Lunch Product Reviews: Packing Lunches that Pack Punches
By June Santini
Once I decided that I was going to make lunch for my kids each and every day rather than succumb to early morning oh-just-let-them-buy-today meal planning, I found that stuffing a sandwich into a Ziploc each morning was starting to get to me. I needed (and certainly, so did my kids), something to liven up both the lunch making and lunch eating process.
So I started making bentos. (If you don’t know what a bento is, read my article Make a Nutritious Lunch Fun for Your Kids.) Bento-making led me into a whole new world of collecting various conveyances for transporting lunches. Now, I think I may have a problem: Other people shop for shoes, or books, or handbags. I shop for lunch containers. I may have to join Lunchbox Collector’s anonymous.
Why am I obsessed with lunch containers? Well, there are a couple of reasons.
I don’t do a good job at reducing and recycling in general, and boy do I have a lot of guilt about that. One way I have found to assuage that guilt is to pack "waste-free" lunches for my kids. Now by waste-free, I don’t mean that your kids will become members in good standing of the clean plate (er, lunchbox) club, but rather, there will be little or no trash generated from their lunch. I also really like to cook, and collecting kitchen stuff in general is a bit obsessive compulsive of an occupational hazard.
Once I started really looking for ways to pack great lunches, I found a dizzying array of options for fun and easy ways to pack school lunch. All of them offer convenience; all of them reduce the amount of paper bags, sandwich and snack baggies and food packaging going into landfills. I'm reviewing some of the best options below. But first, when deciding which system will work best for your family, keep a few considerations in mind.
The Time Factor
1. How much time do you want to spend thinking about what to pack? If the answer is “no time,” consider containers with lots of flexibility, perhaps ones in which there are individual containers into which you can pack whatever jumps out at you from the fridge or cupboard, and stuff them into a reusable lunch bag. If, on the other hand, you like to plan your lunches, you may want to choose a “system” in which the containers all fit together into one nice, neat package.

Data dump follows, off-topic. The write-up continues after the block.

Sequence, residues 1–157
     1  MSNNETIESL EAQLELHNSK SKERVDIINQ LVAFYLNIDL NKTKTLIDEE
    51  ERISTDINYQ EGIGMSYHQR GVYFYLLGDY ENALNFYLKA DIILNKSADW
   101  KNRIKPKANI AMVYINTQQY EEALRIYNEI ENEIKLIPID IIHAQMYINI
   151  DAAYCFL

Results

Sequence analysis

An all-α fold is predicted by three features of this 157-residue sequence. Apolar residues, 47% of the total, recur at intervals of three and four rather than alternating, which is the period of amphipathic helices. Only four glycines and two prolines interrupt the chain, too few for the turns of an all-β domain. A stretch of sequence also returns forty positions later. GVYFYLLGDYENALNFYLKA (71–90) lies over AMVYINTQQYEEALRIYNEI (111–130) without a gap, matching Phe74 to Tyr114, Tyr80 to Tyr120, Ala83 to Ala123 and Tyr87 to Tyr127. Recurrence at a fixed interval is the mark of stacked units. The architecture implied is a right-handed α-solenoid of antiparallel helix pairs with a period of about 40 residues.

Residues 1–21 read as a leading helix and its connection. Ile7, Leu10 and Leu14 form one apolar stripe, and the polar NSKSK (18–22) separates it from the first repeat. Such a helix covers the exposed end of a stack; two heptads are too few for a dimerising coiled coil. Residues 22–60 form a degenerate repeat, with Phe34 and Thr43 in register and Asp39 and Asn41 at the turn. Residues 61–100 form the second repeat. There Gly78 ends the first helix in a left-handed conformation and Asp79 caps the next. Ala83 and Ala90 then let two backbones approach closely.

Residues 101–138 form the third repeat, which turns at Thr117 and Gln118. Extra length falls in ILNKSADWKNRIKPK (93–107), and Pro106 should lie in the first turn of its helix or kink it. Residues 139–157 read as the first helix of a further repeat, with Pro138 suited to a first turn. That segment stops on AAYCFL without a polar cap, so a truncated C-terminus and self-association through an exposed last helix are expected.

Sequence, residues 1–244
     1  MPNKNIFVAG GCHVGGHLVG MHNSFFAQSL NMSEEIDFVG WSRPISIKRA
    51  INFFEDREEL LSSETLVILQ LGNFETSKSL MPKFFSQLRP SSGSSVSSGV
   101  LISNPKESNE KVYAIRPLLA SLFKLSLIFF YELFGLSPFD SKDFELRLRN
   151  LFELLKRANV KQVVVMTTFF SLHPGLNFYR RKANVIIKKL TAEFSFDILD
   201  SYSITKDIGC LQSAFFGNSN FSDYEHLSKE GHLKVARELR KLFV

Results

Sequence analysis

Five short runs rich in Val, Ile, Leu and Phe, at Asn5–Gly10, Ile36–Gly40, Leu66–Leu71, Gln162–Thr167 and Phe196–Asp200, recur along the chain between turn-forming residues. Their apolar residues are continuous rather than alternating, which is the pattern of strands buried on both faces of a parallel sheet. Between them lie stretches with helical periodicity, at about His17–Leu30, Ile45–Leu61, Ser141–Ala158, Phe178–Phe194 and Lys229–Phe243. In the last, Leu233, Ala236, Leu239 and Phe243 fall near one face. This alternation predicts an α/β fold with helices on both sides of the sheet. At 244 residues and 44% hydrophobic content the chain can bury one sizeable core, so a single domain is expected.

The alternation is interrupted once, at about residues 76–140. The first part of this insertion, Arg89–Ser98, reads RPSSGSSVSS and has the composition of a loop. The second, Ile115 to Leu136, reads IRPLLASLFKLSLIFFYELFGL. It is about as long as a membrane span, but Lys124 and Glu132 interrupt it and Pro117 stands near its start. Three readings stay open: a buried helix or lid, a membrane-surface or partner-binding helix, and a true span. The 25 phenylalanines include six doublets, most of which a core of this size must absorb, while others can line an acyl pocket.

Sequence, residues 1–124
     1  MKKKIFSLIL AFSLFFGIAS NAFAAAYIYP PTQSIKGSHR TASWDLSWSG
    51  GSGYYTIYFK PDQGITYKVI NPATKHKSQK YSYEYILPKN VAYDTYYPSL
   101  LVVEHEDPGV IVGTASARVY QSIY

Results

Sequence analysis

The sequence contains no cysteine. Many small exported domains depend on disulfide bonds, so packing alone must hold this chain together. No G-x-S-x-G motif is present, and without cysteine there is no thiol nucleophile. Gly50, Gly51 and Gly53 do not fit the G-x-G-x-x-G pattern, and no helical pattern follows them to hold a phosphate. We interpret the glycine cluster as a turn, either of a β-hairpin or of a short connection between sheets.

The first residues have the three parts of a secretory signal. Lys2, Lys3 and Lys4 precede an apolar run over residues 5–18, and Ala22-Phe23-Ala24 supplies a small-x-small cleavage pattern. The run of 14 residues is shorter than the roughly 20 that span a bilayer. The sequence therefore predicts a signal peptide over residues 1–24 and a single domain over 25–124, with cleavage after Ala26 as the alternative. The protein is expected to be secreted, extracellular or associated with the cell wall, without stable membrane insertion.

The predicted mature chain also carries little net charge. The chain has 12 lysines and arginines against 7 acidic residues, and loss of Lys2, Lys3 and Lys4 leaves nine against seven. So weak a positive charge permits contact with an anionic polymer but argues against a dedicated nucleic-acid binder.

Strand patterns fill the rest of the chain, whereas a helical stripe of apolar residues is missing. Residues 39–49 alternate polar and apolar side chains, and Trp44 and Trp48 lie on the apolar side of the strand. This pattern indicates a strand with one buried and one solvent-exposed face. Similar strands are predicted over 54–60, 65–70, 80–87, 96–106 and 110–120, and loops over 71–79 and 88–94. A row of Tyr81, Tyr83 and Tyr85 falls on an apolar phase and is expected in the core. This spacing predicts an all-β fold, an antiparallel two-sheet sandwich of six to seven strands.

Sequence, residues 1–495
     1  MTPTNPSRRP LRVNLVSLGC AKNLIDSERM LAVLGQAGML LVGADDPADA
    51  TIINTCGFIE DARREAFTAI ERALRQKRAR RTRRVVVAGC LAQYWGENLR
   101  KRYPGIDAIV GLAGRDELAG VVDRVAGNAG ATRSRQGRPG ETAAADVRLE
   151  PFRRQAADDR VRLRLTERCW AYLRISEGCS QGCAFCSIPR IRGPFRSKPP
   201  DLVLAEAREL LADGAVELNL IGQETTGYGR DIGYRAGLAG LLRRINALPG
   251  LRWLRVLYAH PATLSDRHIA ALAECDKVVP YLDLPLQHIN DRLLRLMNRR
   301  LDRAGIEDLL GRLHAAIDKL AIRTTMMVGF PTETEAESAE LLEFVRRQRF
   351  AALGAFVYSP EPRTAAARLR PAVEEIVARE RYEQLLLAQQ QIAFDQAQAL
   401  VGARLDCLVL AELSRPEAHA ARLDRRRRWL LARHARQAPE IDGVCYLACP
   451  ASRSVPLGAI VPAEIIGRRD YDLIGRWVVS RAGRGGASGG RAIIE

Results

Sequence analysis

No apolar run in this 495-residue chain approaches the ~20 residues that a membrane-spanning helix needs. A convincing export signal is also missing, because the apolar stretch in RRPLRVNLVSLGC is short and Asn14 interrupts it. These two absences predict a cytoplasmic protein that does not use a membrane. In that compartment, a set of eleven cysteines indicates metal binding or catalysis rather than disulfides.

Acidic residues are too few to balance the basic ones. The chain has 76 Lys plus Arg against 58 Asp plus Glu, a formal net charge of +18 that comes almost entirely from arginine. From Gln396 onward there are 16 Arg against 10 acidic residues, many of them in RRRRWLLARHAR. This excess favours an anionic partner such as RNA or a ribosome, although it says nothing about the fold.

Type of Food
2. Consider the type of food you will be packing. If food safety is a concern because of the climate in which you live, make sure you get some type of bag or tote which can fit reusable ice packs or buy containers with built-in ice packs. If you want to send hot food, make sure you get a vacuum jar or container that fits into an insulated bag.
3. How much flexibility do you want? If you’re like me and you want to pack a hot lunch one day and leftover cold pasta the next day, get more than one lunch system! Your kids will be the envy of their peers. Believe me, my kid’s friends ask them if their mom can pack them lunch, too.
4. What materials are you comfortable with? Almost all of the containers listed below are made of BPA-free plastic; there are some that are made of stainless steel if you’re trying to avoid plastic. The Zojirushi lunch set has both plastic and metal components.
5. And last, are your kids willing to give up their Finding Nemo or Spiderman traditional lunch pails? They probably will when you whip out a really cool container, but then again, some kids are stubborn and don’t like change. If you usually buy new lunch boxes each fall at the supermarket, try shopping for some of these options instead.
Here are some of my favorite products, along with suggestions on how to fill them with deliciousness: